This may involve a simple aspiration for men who have a blockage or require much more extensive sampling of the testis for men who have a sperm production problem. As a result, there is a significant difference in the amount of time it takes, the need for anesthesia and the equipment utilized.
Very few tests allow for an accurate prediction of whether or not sperm will be found in the testes of men with testicular problems. Genetic testing may give insight into the chance of finding sperm but are not absolute. The pattern of the problem of the testis found at the time of a diagnostic testicular biopsy may be slightly predictive but again there is no finding that absolutely predicts the presence or absence of sperm. Other blood tests including hormonal studies are not predictive.
Finally, even having sperm found on previous harvesting session does not guarantee that sperm will be found on future harvesting attempts. Thus, diagnostic testicular biopsy is not routinely performed in patients who are to undergo testicular harvesting of sperm when the cause of their zero sperm count is already established through other means.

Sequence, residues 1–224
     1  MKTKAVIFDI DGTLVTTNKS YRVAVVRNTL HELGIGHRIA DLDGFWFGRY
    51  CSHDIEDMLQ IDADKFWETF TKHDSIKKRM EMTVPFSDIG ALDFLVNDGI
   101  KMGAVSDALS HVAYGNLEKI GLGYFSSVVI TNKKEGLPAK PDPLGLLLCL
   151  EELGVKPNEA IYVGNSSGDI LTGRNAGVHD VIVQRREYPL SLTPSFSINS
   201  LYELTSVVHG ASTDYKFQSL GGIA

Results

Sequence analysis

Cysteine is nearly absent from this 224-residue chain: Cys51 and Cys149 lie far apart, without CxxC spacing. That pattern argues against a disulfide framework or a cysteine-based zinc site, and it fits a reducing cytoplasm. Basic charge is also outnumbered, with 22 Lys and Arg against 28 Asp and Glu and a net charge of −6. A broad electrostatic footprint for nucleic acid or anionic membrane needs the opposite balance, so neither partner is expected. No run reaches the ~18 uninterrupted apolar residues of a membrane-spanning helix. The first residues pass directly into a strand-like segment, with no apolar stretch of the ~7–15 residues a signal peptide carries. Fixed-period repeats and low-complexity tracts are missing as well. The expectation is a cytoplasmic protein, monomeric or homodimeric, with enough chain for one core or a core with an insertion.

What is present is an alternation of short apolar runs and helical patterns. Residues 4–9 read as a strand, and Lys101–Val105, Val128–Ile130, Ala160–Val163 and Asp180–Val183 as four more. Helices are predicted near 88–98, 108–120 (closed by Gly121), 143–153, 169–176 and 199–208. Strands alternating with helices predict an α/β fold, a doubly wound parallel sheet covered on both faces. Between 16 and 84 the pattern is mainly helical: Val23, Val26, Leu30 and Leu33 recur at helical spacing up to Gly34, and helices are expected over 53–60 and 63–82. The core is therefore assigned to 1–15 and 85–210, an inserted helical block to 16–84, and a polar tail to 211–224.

The Timing of Sperm Retrieval
The timing of sperm harvesting in conjunction with the IVF cycle is a difficult matter to resolve. There are advantages for and against doing the sperm harvesting prior to the IVF cycle or in conjunction with the harvesting of the female partner’s eggs. The ultimate decision is made by the preference of the IVF program. Performing the harvesting in advance and freezing the sperm until the eggs are harvested allows the couple to make an informed decision whether to go forward with IVF since in most circumstances the chance of finding sperm may be only 60% or less.
Moreover, it is difficult for many couples to undergo operative procedures the same day since it requires their enlisting other resources to help them get to and from the hospital and assistance at home. IVF laboratories frequently prefer to work with fresh rather than frozen sperm and thus their desire to have fresh sperm trumps any other consideration.
As a result, simple sperm retrievals are typically performed the day of egg retrieval.  Simple sperm retrievals are procedures performed in men with known obstruction who make sperm without a problem.  These procedures are summarized below, and include Testicular Sperm Aspiration (TESA), Percutaneous Sperm Aspiration (PESA), and Testicular Sperm Extraction (TESE).